Michigan head coach Brady Hoke.
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ANN ARBOR — A day after Notre Dame’s football coach described — and likely downplayed — the program’s rivalry with Michigan, Wolverines coach Brady Hoke expressed his own perspective on the rivalry. When Hoke was asked about how he interpreted Kelly’s comments, the third-year Wolverines coach declined to add fuel to the fire.
“It is for us,” Hoke said of the historic significance of the rivalry on Monday, during his weekly press conference at Michigan. “Everybody looks at everything differently.”
No. 17 Michigan hosts No. 14 Notre Dame at 8 p.m. Saturday at Michigan Stadium, the 41st meeting between the two teams and the final tilt between the Irish and the Wolverines in Ann Arbor.
In a teleconference Sunday with reporters, Kelly said he didn’t regard the rivalry as a historic or traditional one for his school or for his program.
“I’ve seen it as one of those great football games that Notre Dame has played,” Kelly said. “For me, I’ve been in Michigan a long time so I’ve always felt that the Notre Dame-Michigan game was a big regional game, but in the Notre Dame history books, this game has played itself.”
Michigan holds a 23-16-1 lead in the series, which dates back to 1887 — a point Hoke noted Monday — and went on hiatus twice, from 1910 to 1942 and from 1944 to 1978. Notre Dame will host Michigan on Sept. 6, 2014 in South Bend, Ind., before the series will be put on hold for at least five seasons.
“It must have some sort of national appeal,” Hoke said. “From the standpoint of coaching a lot of places, and maybe it’s just me, but I know one thing. When Michigan-Notre Dame is on TV, I was going to be watching it. And I know people out in Corvallis, Ore., were going to be watching that game, for one reason or another.”
Hoke also stood behind the comments he made in May about Notre Dame “chickening out” of the series.
“I said it,” Hoke said Monday.
Michigan quarterback Devin Gardner didn’t hesitate to add superlatives to the matchup.
“It’s one of the biggest rivalries in college football, or else [ESPN’s College] GameDay wouldn’t be there,” Gardner said. “It wouldn’t be such a nationally televised game. It fits right up there at the top.”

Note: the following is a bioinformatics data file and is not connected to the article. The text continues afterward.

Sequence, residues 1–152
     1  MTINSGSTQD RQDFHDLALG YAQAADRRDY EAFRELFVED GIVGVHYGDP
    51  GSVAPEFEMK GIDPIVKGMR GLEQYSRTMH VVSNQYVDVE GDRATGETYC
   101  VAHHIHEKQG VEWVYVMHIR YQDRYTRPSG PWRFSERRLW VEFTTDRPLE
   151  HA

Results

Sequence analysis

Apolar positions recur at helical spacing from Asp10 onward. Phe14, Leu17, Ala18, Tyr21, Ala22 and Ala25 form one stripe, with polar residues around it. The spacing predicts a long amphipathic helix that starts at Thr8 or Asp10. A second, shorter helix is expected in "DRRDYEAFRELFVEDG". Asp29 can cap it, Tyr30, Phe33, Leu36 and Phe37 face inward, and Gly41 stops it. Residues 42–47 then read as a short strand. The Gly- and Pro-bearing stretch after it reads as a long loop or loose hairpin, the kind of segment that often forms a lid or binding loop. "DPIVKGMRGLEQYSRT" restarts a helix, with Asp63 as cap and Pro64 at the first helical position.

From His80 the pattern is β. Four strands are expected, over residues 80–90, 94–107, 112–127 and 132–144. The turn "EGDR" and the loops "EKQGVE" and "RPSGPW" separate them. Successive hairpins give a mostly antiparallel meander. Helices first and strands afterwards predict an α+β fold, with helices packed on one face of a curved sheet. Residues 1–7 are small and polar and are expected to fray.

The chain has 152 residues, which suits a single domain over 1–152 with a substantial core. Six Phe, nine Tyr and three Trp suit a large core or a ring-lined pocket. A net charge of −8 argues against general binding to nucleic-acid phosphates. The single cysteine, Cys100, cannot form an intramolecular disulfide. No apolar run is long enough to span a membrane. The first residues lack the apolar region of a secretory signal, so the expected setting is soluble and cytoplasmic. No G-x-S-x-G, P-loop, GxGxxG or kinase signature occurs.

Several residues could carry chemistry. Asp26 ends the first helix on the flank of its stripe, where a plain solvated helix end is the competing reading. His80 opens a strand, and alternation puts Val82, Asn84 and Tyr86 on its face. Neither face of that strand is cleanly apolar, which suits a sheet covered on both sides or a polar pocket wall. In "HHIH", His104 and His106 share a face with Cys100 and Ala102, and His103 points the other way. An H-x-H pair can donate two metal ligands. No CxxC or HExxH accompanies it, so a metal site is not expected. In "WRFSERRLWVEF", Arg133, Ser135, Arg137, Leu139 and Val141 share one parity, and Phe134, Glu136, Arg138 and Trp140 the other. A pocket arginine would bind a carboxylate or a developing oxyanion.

It will soon disappear.
About a year ago, Notre Dame announced it would join the Atlantic Coast Conference in all sports except football and men’s hockey. Notre Dame’s football program will join the ACC’s bowl rotation in 2014 and the Irish will have a contractual obligation to schedule five football games each season against ACC opponents.
"We're trying to do the best we can maintaining our independent status and our relationship with the ACC,” Kelly said. “We'd like to play everybody. Unfortunately we can't. There's going to be a little bit of hiatus on the game but we'll work hard to get them back on the schedule."
In May, Michigan athletic director Dave Brandon told WBBL-FM in Grand Rapids, Mich., that “it will be at least 10 to 12 years before we can get into any kind of rhythm with a home-and-home series against Notre Dame.”
Michigan cornerback Blake Countess briefly considered the impending end of what many consider one of college football’s storied rivalries, then succinctly put it in context.
"We just play who’s on they schedule,” Countess said. “If they're taking themselves off the schedule, then so be it. That game will be filled.”
JOHNSON OUT: Freshman running back Drake Johnson will miss the remainder of the season after tearing his ACL on Saturday.
Johnson was listed at No. 2 at running back on Michigan's depth chart prior to Saturday's season opener against Central Michigan. Johnson had two carries for nine yards before he was injured in the second half of the 59-9 win over the Chippewas.
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